Liability insurance by its very character allows for the existence of no-win no-fee, accident solicitors, ambulance chasers, conditional fee arrangements and injury lawyers for you, who the UK Government and Media believe are responsible for the emotional rise in personal injury claims in the UK in the last ten years.
The costs of business insurance have rocketed in response to liability claims, that some premiums quoted are becoming so excessively high in certain trade sectors where liability risks are heavy, as to reduce new entrants to the market.
The UK Government concerned by the additional costs to business and the Economy, commissioned the Jackson Report which has heavily criticised the current claims compensation culture sweeping Britain.
Lord Justice Jackson has made drastic suggestions for controlling the amount of claims that can be made against liability insurance polices and the costs that can be awarded against a business held liable.
Many of the current practices such as the claims procedure, soliciting for claimants and cold calling via text, are likely to be outlawed.
There has indeed been a large rise in the amount of claims particularly against commercial insurance policies.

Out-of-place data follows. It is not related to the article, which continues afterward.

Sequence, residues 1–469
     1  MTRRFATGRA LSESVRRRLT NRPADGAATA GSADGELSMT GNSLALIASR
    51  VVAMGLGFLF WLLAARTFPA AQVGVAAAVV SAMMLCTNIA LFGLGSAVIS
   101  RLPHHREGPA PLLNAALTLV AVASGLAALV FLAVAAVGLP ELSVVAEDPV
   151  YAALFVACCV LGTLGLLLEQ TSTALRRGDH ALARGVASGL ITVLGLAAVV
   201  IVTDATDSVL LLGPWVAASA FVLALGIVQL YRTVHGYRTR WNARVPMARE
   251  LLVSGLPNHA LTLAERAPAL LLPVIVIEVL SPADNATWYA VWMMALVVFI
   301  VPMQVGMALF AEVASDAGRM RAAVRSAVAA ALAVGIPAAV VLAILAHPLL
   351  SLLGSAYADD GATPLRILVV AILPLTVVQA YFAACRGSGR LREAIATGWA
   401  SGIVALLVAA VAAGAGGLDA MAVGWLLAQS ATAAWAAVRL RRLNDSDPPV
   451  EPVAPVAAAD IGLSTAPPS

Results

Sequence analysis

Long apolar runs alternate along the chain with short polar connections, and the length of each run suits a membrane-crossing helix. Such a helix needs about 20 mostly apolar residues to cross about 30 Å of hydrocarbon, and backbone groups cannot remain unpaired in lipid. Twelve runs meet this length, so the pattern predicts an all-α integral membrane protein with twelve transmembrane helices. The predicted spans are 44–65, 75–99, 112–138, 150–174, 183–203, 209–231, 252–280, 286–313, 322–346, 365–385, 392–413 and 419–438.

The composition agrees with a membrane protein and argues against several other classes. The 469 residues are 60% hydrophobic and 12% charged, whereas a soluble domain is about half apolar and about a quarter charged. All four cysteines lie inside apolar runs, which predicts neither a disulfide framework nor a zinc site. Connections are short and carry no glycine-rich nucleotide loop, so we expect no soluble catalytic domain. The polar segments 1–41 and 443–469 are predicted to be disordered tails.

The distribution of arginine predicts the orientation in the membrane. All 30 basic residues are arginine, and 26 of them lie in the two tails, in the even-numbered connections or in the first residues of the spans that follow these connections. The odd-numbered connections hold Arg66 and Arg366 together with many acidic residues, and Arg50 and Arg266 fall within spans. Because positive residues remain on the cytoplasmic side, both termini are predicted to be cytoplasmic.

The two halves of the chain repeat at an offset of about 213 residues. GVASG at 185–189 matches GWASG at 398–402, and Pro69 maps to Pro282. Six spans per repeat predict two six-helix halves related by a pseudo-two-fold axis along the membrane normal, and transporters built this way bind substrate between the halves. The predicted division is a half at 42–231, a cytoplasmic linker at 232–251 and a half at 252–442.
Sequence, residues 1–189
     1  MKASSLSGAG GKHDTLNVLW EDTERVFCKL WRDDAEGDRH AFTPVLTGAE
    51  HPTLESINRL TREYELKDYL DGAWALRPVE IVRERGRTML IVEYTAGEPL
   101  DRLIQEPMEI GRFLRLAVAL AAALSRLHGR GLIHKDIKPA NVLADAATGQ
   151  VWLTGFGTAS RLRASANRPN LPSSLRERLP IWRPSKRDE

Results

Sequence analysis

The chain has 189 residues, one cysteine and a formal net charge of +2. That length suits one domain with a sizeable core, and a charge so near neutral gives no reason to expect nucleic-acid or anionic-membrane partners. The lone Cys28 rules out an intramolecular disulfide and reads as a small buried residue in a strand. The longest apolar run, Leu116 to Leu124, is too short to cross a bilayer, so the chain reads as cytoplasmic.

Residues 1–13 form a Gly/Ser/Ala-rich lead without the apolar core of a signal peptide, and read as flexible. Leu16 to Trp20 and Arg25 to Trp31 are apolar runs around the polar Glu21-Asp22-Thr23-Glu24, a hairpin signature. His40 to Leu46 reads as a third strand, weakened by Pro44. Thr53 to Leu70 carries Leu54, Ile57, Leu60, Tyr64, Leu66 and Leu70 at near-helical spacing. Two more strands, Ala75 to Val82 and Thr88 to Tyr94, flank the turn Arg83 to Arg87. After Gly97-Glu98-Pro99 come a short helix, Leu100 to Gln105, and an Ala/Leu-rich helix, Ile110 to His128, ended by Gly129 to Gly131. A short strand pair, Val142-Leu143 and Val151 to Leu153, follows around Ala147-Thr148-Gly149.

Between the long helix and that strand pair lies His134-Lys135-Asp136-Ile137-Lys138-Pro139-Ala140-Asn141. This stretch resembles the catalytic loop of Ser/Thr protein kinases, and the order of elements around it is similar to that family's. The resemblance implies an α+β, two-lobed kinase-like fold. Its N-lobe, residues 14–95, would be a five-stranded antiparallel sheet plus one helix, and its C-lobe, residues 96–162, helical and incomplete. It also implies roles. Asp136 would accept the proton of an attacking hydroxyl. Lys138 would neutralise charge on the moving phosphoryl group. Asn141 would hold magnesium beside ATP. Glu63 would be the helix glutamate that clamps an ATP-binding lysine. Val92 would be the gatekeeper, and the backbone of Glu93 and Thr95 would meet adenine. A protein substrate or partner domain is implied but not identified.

Claims against tradesman and small companies public liability are standard in the UK small claims courts.
The worryingly large and growing amount of claims though, have come against the employers liability section of a company’s business insurance policy. From the companies own staff who allege to have suffered material loss or damage, or from past employees who allege personal injury which has emerged after their employment was terminated.
An example of the later has been the current saga costing billions in legal fees, of asbestosis and mesothelioma claims, some dating back to employment the 1950’s.
Accident at work claims, industrial disease claims, personal injury at work claims, employer negligence claims, are all examples of those covered under the employers liability section of a commercial policy, that are considered bread and butter targets for those companies that act as introducers or pursue spurious claims on a conditional fee arrangement basis.
It is because of the likelihood of being sued and to protect the health and safety of workers that the Government introduced a statutory requirement under the Act that all businesses who use any persons on any basis for any period of time, must have a minimum of £10,000,000 employers liability cover in force.
Employers liability insurance whilst providing protection for both the workforce and the business in resolving financial matters that would otherwise cripple a small business, should not be regarded as a replace adhering to the Health and Safety rules and regulations that apply to whichever trade the cover has been purchased for.
Indeed most commercial insurance policies will insist as part of the terms and conditions of the policy contract that these measures be in place.